DRAFT: An orientation is consequential. The angle from which we witness an encounter like a car crash, for instance, heavily influences our perception of what occurred. Did the blue car pull out first? Did the red one slow down? The answers to these questions are not just dependent on empirical evidence, but are also based on the relative perspective from which we experienced the accident. Conceptual and ideological orientations operate similarly. When reading the methodologies of a research report, you can often anticipate the findings. That’s because perspective from which the researcher took on the project limited her field of vision theoretically and methodologically. For these reasons, when it comes to understanding a person’s writing over the lifespan, it matters, or rather, it’s consequential, what ontological orientations the researcher takes up.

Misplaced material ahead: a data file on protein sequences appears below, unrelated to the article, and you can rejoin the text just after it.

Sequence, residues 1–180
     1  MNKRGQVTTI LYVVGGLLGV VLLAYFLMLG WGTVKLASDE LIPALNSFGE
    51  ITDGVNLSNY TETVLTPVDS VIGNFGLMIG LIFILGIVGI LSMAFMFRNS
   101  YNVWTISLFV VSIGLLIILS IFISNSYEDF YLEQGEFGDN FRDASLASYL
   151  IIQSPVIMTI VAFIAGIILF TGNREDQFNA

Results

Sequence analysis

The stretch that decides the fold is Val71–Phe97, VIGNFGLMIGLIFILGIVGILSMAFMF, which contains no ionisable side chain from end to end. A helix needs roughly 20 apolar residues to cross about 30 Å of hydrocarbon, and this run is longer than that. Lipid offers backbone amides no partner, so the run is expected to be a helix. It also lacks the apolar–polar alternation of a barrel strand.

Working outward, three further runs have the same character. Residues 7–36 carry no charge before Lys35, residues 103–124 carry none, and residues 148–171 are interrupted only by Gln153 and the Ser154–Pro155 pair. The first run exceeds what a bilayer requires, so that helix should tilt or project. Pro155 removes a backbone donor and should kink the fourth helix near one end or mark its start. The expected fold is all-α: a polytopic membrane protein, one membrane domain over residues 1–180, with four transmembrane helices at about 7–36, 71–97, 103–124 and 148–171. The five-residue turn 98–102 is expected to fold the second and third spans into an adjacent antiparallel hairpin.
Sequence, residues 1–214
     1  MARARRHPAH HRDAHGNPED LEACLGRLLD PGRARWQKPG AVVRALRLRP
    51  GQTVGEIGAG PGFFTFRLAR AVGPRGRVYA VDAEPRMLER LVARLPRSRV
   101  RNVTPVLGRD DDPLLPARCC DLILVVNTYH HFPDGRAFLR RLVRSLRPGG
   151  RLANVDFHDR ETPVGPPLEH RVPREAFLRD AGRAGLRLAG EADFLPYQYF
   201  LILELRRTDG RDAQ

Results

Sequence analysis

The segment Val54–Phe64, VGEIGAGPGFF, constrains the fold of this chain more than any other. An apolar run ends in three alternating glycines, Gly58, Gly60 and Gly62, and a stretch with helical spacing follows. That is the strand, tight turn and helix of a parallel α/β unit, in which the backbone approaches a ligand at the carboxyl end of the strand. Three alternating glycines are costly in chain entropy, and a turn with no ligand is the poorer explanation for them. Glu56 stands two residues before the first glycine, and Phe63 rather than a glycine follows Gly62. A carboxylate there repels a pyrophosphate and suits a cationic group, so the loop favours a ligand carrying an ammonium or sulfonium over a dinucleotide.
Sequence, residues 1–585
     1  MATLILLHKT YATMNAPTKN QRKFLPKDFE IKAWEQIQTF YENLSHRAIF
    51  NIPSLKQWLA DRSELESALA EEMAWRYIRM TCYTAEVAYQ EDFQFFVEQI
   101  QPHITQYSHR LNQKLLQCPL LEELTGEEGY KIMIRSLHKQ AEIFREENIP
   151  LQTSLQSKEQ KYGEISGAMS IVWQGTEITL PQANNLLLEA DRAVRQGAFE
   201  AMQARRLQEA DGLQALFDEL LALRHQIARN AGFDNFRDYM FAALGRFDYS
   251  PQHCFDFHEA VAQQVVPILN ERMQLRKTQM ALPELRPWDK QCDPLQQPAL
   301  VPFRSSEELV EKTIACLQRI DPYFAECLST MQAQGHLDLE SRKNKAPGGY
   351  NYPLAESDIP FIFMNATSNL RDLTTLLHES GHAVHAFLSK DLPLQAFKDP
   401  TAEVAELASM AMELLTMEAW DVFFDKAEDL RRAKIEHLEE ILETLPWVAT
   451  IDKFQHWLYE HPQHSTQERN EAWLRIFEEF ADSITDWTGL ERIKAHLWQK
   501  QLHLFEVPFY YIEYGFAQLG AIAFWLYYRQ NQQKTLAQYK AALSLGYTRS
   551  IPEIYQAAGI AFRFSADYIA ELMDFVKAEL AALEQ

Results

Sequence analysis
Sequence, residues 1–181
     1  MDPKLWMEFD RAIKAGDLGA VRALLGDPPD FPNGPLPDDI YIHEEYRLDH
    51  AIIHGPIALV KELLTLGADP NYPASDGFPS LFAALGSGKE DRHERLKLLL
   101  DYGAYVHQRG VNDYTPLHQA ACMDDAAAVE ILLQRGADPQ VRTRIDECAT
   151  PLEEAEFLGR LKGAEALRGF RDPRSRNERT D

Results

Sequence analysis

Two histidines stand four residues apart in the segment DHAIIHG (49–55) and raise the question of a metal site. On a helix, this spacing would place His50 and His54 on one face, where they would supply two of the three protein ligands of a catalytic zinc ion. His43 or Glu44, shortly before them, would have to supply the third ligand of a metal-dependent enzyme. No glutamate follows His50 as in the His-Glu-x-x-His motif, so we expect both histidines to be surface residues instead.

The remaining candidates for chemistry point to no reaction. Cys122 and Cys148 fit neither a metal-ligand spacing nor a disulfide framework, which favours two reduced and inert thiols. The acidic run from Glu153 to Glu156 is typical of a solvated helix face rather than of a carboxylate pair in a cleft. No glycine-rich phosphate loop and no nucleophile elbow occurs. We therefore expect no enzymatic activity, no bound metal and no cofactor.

Smith, A. (in preparation). Working title: Prepositions through the lifespan. R. Dippre & T. Phillips (Eds.), Approaches to Lifespan Writing Research: Steps Toward an Actionable Coherence.


What do I learn from this? To write more (when it’s hard and feels heavy)…I need to be writing more. It sounds counterintuitive, but I am finding that the weight of each word is distributed across blog posts and high-stakes academic texts and comments on social media and tweets. When there are more words being written there are more words to share the weight of writing.


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mo(re) #modigiwri!

I do love how connections among educators and creatives can snowball (in a good way) online. Two days ago I elbowed my way into a challenge from Darlene Kriesel (@darlenekriesel) to write at least 150 words every day for 30 days. It reminded me of the collaborative energy that was generated in #clmooc and I wrote a post to that effect.